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There are many reasons why Macbeth hesitates to kill Duncan in Act 1 Scene 7 of William Shakespeare's Macbeth. The first is that murder is not only immoral, in a generic sense, but also is a sin, and Macbeth, brought up in a kingdom that was fully Christianized, would have considered this as condemning himself to eternal damnation. Although at this point in the play, he has begun his downward spiral, it is not until after he kills Duncan that he is fully committed to the path the witches have foretold for him.
The next reason he is reluctant to kill Duncan is that they are kinsmen, cousins to be precise, and killing a kinsman was considered far worse than killing someone who was not a blood relative in this period. As well as being Macbeth's kinsman, Duncan is his king, and so killing him would be treason. Another reason is that Duncan has been very kind to Macbeth, appointing him Thane of Cawdor, and in fact, Macbeth personally likes Duncan and considers him kind and a good king.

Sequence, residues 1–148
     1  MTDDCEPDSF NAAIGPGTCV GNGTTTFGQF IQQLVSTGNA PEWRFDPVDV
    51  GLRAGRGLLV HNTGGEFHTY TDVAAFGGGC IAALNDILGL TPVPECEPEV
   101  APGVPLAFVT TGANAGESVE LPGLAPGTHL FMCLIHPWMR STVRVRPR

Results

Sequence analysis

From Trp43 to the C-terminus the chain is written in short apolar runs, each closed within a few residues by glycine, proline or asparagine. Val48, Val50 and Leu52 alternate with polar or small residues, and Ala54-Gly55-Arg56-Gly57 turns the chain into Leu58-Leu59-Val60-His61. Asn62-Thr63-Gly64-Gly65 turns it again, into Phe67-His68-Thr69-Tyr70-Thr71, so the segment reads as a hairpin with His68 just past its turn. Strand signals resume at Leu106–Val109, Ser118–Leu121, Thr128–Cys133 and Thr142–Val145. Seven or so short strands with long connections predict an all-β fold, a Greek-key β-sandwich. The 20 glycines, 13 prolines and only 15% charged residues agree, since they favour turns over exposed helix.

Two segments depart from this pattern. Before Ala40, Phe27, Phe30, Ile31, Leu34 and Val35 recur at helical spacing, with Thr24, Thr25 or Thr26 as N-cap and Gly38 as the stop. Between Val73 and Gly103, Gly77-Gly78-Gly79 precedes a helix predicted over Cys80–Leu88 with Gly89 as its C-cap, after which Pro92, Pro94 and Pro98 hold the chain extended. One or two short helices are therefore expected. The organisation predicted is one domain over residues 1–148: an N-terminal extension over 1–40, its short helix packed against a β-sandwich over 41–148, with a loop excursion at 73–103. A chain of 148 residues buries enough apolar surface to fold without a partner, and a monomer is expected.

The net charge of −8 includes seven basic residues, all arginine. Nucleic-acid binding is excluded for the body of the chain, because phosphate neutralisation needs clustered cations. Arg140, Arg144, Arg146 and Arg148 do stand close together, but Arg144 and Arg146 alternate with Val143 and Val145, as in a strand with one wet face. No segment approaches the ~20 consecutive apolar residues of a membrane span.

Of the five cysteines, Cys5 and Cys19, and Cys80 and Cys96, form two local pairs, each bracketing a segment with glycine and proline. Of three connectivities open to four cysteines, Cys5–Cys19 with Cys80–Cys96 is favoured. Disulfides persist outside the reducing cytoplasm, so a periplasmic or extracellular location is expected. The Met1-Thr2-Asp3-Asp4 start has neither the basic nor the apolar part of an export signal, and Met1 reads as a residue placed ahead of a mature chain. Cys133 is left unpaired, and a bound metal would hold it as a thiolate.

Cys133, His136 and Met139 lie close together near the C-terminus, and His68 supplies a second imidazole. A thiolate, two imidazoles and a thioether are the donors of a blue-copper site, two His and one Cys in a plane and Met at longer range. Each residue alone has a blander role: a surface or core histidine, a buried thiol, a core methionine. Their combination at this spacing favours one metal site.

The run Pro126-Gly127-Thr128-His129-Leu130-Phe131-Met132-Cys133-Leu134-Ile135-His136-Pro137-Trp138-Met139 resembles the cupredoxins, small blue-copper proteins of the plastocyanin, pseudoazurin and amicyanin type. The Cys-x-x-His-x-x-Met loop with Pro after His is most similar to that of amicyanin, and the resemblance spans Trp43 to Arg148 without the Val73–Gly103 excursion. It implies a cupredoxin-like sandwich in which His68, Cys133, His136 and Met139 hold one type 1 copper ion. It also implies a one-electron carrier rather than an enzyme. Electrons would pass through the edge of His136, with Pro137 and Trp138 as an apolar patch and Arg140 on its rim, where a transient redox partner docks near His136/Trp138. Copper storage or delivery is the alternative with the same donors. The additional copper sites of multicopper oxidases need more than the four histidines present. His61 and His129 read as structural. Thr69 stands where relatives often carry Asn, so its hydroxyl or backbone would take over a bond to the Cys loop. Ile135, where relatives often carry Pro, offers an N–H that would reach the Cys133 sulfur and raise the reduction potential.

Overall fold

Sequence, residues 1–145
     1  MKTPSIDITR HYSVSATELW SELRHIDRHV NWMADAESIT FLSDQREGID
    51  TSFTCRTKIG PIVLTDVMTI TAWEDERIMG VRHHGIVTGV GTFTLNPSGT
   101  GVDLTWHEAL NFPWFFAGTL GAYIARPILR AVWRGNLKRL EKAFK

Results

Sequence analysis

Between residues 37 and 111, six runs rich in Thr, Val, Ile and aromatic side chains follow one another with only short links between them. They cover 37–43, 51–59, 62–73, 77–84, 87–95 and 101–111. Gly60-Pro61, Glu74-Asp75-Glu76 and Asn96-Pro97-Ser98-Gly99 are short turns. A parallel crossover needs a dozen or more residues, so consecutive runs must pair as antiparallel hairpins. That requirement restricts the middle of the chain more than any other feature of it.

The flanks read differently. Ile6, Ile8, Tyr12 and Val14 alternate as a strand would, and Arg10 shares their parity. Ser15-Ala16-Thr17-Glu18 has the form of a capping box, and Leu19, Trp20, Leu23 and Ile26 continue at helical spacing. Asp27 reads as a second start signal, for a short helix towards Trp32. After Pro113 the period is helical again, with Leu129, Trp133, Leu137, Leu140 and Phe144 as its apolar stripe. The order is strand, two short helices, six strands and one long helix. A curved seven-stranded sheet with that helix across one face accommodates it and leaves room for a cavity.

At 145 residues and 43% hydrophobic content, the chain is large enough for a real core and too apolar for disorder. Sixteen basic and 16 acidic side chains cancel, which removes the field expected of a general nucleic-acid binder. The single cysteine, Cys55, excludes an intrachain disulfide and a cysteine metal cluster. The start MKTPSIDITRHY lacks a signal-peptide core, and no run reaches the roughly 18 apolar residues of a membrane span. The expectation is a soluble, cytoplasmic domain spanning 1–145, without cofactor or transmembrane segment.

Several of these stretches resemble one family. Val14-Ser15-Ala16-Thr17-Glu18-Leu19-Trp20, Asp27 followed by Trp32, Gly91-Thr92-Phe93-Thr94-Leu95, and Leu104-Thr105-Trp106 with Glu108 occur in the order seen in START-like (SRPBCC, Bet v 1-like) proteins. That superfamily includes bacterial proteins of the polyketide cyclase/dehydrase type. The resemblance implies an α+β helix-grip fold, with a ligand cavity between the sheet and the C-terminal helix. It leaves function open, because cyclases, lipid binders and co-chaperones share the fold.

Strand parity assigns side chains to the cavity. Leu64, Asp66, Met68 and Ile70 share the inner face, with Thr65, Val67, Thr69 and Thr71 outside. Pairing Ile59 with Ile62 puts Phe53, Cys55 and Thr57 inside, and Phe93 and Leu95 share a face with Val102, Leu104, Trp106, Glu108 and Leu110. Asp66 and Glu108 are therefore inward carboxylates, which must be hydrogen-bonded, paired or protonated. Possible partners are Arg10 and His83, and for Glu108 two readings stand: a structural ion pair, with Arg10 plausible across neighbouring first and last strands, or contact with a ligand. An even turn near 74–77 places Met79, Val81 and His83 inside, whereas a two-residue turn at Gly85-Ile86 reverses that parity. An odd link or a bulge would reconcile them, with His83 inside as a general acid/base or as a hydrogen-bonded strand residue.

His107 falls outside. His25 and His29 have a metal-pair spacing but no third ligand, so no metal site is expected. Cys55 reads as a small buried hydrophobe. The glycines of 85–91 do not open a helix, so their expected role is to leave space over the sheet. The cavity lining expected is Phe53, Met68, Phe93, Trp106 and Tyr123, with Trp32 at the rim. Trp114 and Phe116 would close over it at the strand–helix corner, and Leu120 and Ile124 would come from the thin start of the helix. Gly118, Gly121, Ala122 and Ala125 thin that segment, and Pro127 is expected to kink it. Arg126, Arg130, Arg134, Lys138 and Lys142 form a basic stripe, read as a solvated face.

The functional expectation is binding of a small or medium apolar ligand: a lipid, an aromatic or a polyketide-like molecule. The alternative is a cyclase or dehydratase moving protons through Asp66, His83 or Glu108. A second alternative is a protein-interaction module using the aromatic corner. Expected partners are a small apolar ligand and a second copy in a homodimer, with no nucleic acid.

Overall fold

Finally, Macbeth is a host to Duncan, and in this period hospitality bore with it strong reciprocal debts of gratitude and responsibility. Someone violating these conventions of hospitality would be considered not only unethical but impious.
Macbeth explains his reasons for his reluctance as follows:
First, as I am his kinsman and his subject,
Strong both against the deed; then as his host,
Who should against his murderer shut the door ...
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